Part of European Union personnel is on a one-day strike to protest possible budget cuts that will be considered by EU leaders later this month. The leader of the USF union said Thursday that more action will be considered over the next weeks, including a stoppage during the Nov. 22-23 EU summit which was specially called to consider EU spending up to 2020.
BRUSSELS — If an unprecedented debt crisis has been battering the European Union for over three years, isn't it time that EU employees take a sizeable pay cut too?
That was a popular question Thursday as thousands of well-paid and much-maligned workers known as "eurocrats" walked off the job and threatened more strikes later in the month.
At first glance, the question could be asked why it has taken this long to start talking about reining in jobs and pay at EU headquarters.
"The right to strike is a right. But for us, we only see the crisis and a crash in business," said cabdriver Khalid Eluahabi, who found himself waiting far too long near EU headquarters to pick up a fare.
With European companies shedding jobs by the tens of thousands, unemployment lines growing ever longer and millions pushed towards the brink of poverty, the 27-nation EU is facing an unprecedented crisis.
The EU's answer so far has been to impose strict budgetary austerity, a requirement that often forces debt-laden nations to lay off public workers and cut the pay of those who remain.
Those going on strike Thursday said they fear that plans for EU budget cuts will reduce EU staffing and compromise their pay. They also see themselves as part of the solution for Europe's problems and say job cuts would hurt many programs that are good for Europe.
To outsiders, however, it seems that EU personnel have no interest in swallowing their own medicine.
At noon, about 1,000 EU civil servants congregated under the star-shaped headquarters of the EU Commission to push their demands.
But even within the European Commission, there were doubts whether striking was the right move. Up to half of the staff declined to take part Thursday.
"The strike is not at the right moment. In southern Europe, we have people struggling," said Ioannis Sakiotis, a Greek at the EU Commission's fisheries department who was thinking of the deep misery the debt crisis has caused back home. "All working people face a lot of problems."
The trade unions are wary of the Nov. 22-23 summit of EU leaders, which was called to set spending limits for the EU institutions through the year 2020. The unions fear that budget cuts will affect staffing and leave key programs without sufficient personnel. They are considering staging a strike during the summit, too.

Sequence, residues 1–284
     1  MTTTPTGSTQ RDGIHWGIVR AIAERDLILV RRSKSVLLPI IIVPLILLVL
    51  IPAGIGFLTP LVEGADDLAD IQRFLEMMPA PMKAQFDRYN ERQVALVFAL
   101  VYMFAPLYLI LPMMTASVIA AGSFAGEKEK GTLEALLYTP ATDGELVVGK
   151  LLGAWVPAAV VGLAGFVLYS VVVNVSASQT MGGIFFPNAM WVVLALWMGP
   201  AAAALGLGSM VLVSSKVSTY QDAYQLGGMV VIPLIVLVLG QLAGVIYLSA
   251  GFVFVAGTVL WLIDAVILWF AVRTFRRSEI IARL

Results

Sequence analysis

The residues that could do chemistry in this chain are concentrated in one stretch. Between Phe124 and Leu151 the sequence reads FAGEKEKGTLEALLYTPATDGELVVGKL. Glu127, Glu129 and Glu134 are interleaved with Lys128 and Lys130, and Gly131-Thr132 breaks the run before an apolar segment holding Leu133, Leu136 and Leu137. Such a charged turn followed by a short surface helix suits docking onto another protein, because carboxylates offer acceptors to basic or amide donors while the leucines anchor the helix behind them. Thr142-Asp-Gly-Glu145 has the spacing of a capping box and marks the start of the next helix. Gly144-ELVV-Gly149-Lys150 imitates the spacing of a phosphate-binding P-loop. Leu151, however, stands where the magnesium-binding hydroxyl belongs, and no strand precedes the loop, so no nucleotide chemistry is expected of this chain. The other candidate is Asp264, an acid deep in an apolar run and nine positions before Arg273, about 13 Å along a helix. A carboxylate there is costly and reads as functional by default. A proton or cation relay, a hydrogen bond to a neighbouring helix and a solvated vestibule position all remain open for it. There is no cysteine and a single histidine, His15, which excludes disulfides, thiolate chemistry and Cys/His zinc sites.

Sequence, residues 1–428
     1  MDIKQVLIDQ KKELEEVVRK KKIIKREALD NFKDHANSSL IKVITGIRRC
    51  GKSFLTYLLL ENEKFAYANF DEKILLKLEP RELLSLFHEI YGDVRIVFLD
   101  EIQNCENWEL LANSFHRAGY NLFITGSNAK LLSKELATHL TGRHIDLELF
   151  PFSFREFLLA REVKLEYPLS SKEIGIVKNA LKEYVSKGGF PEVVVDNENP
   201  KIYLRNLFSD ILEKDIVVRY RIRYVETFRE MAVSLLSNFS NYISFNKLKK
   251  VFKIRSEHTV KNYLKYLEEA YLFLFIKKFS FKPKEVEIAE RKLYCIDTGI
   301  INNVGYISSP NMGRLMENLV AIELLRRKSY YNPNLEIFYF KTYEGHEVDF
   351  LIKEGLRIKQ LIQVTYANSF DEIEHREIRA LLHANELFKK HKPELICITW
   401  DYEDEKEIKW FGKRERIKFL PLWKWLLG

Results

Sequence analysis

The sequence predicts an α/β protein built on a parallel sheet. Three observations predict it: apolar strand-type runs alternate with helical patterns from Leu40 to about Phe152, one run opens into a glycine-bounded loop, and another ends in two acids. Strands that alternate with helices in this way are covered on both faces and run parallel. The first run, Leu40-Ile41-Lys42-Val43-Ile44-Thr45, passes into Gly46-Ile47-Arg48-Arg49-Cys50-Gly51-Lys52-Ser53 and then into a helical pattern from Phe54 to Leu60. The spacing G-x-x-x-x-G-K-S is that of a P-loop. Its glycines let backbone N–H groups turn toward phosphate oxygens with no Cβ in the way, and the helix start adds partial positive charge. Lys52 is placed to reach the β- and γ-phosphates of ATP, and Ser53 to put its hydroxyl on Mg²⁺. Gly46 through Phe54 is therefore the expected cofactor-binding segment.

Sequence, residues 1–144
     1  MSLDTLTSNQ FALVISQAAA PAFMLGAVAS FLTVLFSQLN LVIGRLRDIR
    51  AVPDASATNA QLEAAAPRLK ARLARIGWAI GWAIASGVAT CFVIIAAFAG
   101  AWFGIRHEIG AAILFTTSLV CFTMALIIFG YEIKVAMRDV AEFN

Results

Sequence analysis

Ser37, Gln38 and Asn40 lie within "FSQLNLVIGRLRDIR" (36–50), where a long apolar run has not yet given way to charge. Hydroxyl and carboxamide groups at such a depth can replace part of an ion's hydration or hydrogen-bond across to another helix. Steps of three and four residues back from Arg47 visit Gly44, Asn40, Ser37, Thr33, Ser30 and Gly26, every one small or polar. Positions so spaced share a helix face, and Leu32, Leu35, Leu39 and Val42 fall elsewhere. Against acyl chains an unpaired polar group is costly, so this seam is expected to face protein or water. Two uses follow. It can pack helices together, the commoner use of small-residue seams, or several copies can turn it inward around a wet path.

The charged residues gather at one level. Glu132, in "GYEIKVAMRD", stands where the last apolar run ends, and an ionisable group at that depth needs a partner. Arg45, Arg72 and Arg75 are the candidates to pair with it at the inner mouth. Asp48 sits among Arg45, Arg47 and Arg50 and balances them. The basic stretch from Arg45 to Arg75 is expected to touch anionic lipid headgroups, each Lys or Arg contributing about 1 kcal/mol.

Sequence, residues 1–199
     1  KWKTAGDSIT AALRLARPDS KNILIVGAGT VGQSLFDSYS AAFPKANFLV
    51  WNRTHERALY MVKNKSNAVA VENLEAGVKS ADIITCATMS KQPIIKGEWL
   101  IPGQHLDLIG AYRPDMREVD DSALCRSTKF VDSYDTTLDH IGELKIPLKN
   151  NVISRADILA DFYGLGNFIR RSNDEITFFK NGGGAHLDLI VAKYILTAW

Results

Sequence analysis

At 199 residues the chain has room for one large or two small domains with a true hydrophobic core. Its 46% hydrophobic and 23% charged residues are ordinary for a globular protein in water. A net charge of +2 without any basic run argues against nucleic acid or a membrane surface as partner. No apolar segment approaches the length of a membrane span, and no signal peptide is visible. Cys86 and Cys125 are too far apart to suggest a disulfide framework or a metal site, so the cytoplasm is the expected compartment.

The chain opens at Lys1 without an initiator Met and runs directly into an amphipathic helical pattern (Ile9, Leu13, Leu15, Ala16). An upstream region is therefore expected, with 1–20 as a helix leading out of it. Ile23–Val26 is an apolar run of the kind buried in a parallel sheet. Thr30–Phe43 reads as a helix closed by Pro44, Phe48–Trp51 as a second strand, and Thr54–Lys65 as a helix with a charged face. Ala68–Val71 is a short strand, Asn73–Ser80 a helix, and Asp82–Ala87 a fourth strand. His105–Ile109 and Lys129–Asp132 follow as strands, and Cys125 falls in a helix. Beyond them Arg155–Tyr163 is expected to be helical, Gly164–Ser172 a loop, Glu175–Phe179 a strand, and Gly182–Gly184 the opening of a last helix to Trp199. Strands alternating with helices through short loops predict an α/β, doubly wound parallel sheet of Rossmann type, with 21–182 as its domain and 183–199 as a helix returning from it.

Even an EU stalwart like Germany is seeking to keep a lid on its contributions — let alone a euroskeptic country like Britain, where Prime Minister David Cameron is demanding immediate action on EU staff costs.
"There are 16 percent of employees in the European Commission who earn over €100,000," Cameron said at the last summit, noting that Britain has already made sharp government cuts.
Allegations of a bloated EU administration in Brussels have a history of political success in Britain. The Eurosceptic UKIP party — or United Kingdom Independence Party — would like Britain to pull out of the EU altogether and happily found fodder in Thursday's strike.
"The eurocrat axiom seems to be, 'Cream for us, austerity is for the taxpaying plebs,'" UKIP leader Nigel Farage said. "The eurocrat sense of entitlement for money and power is frightening."
USF trade union President Sylvie Jacobs said that even though EU pay for lower-scale jobs is more than in the private sector, other EU pay scales are largely comparable with those from private multinational companies.
Bloated staffing is also in the eye of the beholder.
The European Commission employs 38,000 people, with the European Parliament adding 6,000 and the Council 3,500. They run the EU administration of everything from international trade to antitrust cases and the bloc's vast farm and fisheries policies, among many other issues.
On Thursday, even on a strike day, the EU started a big international trade case against China, chided Israel over its settlement policy and issued several court rulings.
EU personnel include everyone from commissioners to computer experts to cooks — and an army of translators for the bloc's 23 official languages.
By comparison, Britain's civil service counts some 464,000 people. Overall, Britain's public sector employs roughly 5.9 million people — a figure that includes local government employees such as school teachers, police, doctors and nurses.
Even though the timing of the strike was criticized, many people upheld the right to go on strike. That is deeply engrained in European society, where the much-vaunted welfare state has been built partly on the power of workers' willingness to shut down factories and let the streets do the talking to gain concessions that eventually provided a high standard of living.
"In a lot of countries now, they take to the streets to demand what they want," said Sofia Koller, a 22-year-old German student. "They have every right to make people listen."
On Thursday, though, that posed a problem for EU Industry Commissioner Antonio Tajani, a non-striker who found himself without translators when he had to explain the car industry to journalists.
"No Italian today. I apologize," he said.
Raphael Satter in London contributed to this report.